281182 Single Pass Drop Size Distribution Produced by an in-Line Rotor-Stator Mixer
Continuous or in-line high shear mixers are broadly employed in chemical processes to produce emulsions and liquid-liquid dispersions. Despite their widespread use, there is little fundamental basis to theoretically predict or experimentally assess their performance. As a result, process development, scale-up and operation are often by trial and error, leading to higher processing costs, start-up problems and lost time to market. In order to develop a fundamental understanding, at least on a mechanistic basis, of how drop breakup affects liquid-liquid dispersion performance, we have measured power draw and single pass drop size distributions (DSD) exiting a IKA Labor Pilot 2000/4 in-line rotor-stator mixer. This slot and tooth device can accommodate up to 3 stages of generators. We have examined medium (2 rows of teeth per stage), fine (3 rows per stage) and ultra fine (4 rows per stage) generators.
A continuous, turbulent water phase is fed to the mixer via a progressive cavity pump. At time zero, a single large oil drop is injected into the device and the resulting daughter DSD is measured at the exit using our previously reported Phase Doppler Anemometry (PDA) technique. Since PDA yields the time history of the exiting drop population, or residence time distribution (RTD), bivariate statistics of drop size and residence time can be obtained from several parent drop trials. Power draw is measured via a purpose build and fully integrated torque meter. The background load needed to overcome bearing friction and other system losses is measured using “blank” stages and subtracted from the total load to determine the Power number due to rotor rotation. Power due to flow losses is estimated from flow rate and pressure drop measurements.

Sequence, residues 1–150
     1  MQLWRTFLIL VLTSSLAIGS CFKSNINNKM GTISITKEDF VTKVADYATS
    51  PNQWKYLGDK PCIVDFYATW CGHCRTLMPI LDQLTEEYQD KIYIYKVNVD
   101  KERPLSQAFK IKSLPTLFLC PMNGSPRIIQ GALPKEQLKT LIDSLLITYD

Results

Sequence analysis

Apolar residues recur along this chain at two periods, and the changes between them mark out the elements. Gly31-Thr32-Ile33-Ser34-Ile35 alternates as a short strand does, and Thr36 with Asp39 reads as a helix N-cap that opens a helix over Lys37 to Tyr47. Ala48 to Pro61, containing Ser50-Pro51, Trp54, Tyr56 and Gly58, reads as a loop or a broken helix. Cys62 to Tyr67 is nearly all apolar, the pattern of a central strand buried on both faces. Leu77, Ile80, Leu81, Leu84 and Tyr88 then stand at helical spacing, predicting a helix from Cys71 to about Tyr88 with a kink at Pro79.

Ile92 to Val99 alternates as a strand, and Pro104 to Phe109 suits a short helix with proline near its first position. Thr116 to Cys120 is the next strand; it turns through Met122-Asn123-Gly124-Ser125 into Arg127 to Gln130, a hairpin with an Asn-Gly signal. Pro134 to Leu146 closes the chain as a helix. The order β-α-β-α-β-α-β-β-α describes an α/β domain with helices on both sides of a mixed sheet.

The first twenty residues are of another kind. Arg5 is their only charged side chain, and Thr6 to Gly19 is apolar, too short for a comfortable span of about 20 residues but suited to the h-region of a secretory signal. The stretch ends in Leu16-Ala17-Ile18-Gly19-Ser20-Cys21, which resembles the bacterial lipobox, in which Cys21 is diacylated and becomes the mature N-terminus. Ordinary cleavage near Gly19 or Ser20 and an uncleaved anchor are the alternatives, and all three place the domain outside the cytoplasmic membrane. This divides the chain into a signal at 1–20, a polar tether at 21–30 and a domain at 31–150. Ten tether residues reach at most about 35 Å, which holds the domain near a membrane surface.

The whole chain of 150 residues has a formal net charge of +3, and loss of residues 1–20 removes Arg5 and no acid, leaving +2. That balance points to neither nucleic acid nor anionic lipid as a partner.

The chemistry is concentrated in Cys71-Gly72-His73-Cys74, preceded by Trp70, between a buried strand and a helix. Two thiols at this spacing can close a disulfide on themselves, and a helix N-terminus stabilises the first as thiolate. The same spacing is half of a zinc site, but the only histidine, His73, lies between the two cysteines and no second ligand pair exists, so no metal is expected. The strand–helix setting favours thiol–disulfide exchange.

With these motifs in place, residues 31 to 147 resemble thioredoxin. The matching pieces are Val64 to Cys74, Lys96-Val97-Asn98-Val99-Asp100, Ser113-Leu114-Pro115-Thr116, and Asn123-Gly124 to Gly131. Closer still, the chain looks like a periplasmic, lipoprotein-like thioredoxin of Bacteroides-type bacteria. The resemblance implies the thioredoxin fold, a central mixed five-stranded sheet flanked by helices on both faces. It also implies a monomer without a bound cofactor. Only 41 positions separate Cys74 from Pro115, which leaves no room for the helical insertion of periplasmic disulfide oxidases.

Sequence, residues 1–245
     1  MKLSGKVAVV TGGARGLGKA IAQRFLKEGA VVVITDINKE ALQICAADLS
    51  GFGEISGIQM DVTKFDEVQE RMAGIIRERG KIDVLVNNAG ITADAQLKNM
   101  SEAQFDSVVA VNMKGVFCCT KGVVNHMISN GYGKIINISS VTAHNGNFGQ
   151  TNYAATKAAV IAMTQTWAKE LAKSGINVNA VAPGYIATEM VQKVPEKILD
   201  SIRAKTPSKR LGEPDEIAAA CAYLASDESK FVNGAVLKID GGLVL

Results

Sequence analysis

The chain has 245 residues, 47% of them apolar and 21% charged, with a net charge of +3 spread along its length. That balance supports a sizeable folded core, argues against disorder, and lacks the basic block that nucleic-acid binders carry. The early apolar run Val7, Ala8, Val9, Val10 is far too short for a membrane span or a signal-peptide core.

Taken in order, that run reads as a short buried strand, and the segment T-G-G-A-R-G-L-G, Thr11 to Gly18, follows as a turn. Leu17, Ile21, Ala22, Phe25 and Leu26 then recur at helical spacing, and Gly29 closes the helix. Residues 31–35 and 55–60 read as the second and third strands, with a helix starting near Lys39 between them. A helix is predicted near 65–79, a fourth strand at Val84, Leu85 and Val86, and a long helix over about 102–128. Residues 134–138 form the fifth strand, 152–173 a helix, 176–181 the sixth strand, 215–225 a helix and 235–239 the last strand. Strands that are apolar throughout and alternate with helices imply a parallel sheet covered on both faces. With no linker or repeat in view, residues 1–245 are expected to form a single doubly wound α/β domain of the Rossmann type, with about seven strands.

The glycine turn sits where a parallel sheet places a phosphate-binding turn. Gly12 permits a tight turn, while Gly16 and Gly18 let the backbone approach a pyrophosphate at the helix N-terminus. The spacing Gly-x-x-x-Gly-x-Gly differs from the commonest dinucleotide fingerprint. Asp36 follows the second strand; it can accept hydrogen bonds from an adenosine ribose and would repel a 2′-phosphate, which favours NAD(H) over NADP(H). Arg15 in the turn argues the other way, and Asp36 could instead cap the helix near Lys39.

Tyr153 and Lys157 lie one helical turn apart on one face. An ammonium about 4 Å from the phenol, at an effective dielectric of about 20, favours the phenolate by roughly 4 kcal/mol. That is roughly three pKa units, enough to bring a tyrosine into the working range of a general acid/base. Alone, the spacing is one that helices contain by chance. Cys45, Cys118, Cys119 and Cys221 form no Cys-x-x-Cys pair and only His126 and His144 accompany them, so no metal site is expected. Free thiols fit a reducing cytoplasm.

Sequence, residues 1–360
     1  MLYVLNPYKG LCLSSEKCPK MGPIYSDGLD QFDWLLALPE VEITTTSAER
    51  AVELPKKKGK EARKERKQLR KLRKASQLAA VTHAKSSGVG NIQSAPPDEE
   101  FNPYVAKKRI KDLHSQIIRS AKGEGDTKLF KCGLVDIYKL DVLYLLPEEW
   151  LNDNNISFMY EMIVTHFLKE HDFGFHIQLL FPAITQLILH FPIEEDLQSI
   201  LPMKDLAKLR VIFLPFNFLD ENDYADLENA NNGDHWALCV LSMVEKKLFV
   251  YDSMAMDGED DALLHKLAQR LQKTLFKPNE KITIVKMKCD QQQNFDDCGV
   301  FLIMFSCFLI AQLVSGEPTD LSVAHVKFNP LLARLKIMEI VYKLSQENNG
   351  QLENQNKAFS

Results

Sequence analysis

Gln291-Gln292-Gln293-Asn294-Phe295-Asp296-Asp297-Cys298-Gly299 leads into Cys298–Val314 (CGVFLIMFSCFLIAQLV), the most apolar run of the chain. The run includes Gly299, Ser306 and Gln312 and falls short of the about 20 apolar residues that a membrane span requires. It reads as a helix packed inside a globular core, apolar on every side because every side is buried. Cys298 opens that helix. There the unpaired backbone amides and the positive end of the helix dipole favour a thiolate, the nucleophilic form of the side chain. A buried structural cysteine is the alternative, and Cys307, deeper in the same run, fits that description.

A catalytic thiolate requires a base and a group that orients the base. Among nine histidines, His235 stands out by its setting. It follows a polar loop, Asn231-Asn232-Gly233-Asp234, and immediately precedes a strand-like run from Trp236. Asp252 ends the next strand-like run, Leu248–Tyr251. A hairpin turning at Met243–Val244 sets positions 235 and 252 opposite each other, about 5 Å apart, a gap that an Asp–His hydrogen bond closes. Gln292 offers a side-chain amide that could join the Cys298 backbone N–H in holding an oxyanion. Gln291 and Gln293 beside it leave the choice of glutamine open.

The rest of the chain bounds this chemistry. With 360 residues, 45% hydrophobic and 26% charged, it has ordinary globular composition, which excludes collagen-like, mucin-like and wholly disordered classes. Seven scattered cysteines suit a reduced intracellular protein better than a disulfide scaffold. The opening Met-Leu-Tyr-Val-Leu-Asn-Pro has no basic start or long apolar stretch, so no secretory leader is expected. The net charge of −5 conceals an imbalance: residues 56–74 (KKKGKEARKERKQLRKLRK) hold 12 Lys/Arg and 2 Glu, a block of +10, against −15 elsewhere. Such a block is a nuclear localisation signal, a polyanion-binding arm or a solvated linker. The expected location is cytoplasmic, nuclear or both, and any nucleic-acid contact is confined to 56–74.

Power draw has been measured for the various generators over a broad range of flow rate and rotor speed for 1, 2 1nd 3 stages. Systematic experiments have been performed with a viscous drop phase to study the effect of flow rate, rotor speed generator geometry, and number of stages on the resulting DSD and RTD. Results indicate that flow rate is not as influential as geometry and rotor speed, especially for multiple stages. Power measurements are used to aid in interpretation of the DSD data. The results will be discussed in detail, as well as implications to process performance.